And, what is so wrong with patronage anyway? I really have a hard time telling the difference between that and what happens with the major labels/studios/etc where only a chosen few (chosen by the proprietors, not by the audiences) get to choose who gets paid or not.

On the other hand, I believe we as a society should help to fund people who want to spend time being artists. We all have to put food on the table, and with some Arts funding it means that artists can be artists, rather than not having the time to be artists. I find it extremely frustrating when some people think that "more copyright" is a substitute for arts funding -- it is like taking money out of the left and right pockets of average creators at the same time given both more copyright and less arts funding means less money for independent creators (IE: those not part of the modern corporate patronage system).

To Anonymous,

There is no way to 'prove' most of what is said these days. There is no proof that non-commercial sharing of copyrighted entertainment causes lost sales. The statistics used to discuss losses do not differentiate between infringement, misapplied technical measures, competition with other media, or other unrelated market forces. Andrew's suggestion that it is more competition than infringement is just as valid (I would say more, from my own personal experience) than those who say the majority is from infringement.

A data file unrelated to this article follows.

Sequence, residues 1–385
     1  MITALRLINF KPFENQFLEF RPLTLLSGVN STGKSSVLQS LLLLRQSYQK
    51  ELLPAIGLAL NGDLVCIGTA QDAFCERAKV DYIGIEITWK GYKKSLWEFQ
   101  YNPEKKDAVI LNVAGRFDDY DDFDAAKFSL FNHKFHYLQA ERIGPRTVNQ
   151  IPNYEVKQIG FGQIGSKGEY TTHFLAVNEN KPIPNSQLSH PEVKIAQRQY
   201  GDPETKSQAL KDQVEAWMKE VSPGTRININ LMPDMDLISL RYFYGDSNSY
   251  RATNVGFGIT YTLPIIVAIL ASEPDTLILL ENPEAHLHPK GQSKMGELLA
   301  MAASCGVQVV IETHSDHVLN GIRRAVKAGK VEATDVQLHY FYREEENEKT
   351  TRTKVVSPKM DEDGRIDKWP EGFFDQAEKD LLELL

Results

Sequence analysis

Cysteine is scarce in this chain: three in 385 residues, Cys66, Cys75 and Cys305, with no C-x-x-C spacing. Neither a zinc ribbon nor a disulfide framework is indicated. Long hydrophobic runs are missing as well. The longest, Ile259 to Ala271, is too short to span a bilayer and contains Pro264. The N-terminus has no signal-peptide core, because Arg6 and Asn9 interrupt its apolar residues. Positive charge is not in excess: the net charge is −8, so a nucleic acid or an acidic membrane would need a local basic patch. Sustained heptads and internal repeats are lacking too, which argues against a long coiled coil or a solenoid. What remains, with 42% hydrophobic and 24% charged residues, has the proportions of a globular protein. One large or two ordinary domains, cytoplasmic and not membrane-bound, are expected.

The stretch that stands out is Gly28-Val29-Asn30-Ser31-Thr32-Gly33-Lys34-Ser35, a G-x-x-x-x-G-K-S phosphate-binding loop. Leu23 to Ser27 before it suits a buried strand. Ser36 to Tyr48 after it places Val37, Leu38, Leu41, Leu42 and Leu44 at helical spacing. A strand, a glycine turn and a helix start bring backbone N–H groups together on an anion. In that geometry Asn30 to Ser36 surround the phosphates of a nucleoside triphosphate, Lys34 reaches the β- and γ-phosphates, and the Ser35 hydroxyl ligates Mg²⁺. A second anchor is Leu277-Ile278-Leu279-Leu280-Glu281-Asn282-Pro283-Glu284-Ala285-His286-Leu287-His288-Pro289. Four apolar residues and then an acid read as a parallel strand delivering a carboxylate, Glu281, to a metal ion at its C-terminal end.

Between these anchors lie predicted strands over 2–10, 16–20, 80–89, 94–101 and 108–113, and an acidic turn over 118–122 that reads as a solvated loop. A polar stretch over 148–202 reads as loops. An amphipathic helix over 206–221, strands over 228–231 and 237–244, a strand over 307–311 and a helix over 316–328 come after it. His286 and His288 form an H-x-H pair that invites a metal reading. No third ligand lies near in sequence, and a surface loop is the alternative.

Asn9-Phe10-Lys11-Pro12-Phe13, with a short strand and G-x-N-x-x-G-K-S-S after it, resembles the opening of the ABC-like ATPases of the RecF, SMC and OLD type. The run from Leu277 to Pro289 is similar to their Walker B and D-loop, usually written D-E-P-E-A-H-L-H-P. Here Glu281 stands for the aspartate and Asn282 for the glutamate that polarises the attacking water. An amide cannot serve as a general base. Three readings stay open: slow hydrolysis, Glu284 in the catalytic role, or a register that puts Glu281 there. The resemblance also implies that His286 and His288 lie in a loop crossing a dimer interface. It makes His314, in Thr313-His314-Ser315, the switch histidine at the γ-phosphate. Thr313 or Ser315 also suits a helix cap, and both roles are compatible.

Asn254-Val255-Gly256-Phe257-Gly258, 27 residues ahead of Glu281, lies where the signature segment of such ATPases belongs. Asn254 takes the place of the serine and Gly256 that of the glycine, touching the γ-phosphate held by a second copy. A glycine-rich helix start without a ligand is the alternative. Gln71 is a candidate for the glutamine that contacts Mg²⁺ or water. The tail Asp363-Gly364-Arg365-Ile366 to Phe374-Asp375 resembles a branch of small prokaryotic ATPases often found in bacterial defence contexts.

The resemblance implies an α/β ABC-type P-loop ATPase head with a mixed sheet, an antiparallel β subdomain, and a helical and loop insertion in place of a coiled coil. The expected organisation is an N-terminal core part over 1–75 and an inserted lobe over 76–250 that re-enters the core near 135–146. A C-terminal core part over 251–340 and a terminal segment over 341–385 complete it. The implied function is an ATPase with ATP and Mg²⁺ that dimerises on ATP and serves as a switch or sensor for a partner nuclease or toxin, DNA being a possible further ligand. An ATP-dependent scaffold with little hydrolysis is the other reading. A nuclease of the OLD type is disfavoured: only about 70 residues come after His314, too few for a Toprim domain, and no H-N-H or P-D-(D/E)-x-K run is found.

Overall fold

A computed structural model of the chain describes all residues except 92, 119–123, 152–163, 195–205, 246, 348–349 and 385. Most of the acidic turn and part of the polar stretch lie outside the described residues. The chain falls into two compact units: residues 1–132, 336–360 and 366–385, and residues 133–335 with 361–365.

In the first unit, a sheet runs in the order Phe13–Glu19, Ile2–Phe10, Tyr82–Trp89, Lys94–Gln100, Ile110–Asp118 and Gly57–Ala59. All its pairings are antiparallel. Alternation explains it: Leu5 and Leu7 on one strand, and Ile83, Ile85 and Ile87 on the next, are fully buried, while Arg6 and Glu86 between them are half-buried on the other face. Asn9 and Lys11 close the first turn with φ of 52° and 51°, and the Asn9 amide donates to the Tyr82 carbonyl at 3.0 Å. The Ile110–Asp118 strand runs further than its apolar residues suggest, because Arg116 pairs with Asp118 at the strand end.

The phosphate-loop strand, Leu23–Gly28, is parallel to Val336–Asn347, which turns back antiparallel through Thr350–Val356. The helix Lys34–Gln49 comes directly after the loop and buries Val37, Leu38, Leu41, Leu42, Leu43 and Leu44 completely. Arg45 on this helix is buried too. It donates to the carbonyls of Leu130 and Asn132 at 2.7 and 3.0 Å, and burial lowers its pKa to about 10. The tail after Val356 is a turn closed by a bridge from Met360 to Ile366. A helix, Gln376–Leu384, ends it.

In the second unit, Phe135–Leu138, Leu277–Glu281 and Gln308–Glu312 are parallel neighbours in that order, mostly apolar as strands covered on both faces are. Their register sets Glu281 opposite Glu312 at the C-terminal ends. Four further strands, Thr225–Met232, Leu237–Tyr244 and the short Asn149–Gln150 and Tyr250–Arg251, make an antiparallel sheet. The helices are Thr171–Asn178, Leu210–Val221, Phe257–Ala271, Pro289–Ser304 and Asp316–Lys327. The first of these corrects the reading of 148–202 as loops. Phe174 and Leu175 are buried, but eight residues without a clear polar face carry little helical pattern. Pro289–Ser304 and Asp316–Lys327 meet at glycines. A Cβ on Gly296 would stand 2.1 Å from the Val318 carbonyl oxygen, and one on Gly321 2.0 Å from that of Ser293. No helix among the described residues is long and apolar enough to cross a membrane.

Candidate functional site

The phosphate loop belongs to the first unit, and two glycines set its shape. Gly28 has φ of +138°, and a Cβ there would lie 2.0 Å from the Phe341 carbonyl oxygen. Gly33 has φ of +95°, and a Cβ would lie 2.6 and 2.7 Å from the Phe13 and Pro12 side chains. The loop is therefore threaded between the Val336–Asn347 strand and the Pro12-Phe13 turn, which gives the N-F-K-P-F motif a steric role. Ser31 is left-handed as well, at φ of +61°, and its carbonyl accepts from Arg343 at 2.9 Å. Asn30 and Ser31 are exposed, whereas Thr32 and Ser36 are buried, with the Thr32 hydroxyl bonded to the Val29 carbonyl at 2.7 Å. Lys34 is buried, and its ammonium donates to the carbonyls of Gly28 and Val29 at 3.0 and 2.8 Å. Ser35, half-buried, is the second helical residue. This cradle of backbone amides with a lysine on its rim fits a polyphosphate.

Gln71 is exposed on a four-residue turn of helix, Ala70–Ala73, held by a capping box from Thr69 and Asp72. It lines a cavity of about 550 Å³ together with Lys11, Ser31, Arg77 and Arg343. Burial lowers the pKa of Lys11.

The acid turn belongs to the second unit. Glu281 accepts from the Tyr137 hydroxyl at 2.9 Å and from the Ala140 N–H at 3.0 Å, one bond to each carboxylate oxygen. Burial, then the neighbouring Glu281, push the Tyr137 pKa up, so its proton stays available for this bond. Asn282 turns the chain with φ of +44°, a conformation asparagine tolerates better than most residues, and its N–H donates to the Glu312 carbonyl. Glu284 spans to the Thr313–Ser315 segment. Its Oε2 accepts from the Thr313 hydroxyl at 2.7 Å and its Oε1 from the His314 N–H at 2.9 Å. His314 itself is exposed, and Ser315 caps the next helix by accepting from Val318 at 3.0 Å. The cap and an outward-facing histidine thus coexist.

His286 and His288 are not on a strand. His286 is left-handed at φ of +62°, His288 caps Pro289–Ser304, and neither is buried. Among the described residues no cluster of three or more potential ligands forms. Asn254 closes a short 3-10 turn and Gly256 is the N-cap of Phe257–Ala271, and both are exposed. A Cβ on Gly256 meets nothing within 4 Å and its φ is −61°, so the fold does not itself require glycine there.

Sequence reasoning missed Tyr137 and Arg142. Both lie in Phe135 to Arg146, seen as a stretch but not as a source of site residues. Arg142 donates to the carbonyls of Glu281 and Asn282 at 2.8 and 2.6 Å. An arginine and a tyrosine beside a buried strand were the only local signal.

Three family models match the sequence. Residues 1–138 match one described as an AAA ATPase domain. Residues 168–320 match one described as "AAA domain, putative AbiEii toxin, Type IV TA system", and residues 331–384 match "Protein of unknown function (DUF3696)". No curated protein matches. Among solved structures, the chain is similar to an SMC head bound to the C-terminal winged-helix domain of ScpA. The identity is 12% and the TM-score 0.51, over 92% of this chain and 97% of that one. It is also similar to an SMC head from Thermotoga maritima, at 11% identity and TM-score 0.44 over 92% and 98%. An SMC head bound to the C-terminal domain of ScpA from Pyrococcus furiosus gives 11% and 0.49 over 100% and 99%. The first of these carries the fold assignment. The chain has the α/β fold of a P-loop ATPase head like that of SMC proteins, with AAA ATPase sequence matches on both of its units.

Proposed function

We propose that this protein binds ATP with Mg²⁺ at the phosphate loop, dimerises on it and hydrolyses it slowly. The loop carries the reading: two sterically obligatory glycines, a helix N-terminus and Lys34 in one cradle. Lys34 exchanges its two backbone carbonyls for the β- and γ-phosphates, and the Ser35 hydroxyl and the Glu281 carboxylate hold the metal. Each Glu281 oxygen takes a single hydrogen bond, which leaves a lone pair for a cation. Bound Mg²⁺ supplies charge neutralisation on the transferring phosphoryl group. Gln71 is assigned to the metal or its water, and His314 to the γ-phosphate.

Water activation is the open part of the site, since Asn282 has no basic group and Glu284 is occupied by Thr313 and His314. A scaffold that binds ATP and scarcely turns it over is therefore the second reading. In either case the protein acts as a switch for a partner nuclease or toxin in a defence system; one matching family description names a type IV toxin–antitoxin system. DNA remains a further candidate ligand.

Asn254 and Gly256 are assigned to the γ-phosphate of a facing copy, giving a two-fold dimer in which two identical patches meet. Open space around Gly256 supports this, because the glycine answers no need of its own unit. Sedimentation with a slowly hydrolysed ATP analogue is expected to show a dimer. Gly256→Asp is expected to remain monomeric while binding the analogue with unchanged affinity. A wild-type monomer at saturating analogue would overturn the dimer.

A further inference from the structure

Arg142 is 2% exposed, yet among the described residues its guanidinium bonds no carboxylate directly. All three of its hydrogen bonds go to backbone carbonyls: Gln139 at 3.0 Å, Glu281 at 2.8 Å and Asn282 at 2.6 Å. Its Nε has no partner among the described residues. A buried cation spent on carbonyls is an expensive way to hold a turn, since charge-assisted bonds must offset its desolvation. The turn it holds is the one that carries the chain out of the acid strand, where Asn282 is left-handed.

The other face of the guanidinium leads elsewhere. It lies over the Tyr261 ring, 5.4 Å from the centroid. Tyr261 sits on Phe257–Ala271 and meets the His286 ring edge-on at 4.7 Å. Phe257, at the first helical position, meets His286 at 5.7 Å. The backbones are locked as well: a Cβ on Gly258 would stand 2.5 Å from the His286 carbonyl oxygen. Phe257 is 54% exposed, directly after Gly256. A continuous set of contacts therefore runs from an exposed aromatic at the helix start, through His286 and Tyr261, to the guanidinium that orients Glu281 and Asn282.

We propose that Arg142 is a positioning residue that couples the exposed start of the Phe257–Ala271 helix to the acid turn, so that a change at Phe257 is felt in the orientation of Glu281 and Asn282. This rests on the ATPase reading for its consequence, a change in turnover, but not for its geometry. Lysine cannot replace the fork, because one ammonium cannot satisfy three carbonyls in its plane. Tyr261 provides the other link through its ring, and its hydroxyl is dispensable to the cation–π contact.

Personally, when I don't buy copyrighted works that I would otherwise be interested in it is (1) lawful competition, (2) misapplied TPMs, (3) other market forces (including regional restrictions), and possibly never (I can't think of an example) infringement.

Indeed @russellmcormond I can't say I subscribe to the notion that copyright is equal to money. I do realize, however, that in defending an esoteric position of Art v. Craft, that may have come across. I pretty much just expect that the mouthpieces that rail about copyright being last bastion of creativity are very often NOT the content creators, but rather someone who wishes to make money from their content.

In fact, Bill C-32's positions on Digital Locks makes it, intrinsically, devastating to "lawful" creative processes. If creativity is a subjective and evolutionary amalgam of a person's lifetime of creating and consuming content, there seem to be many places I can be financially and criminally liable for exploring creative processes which, for centuries, have not only been welcome, but expected.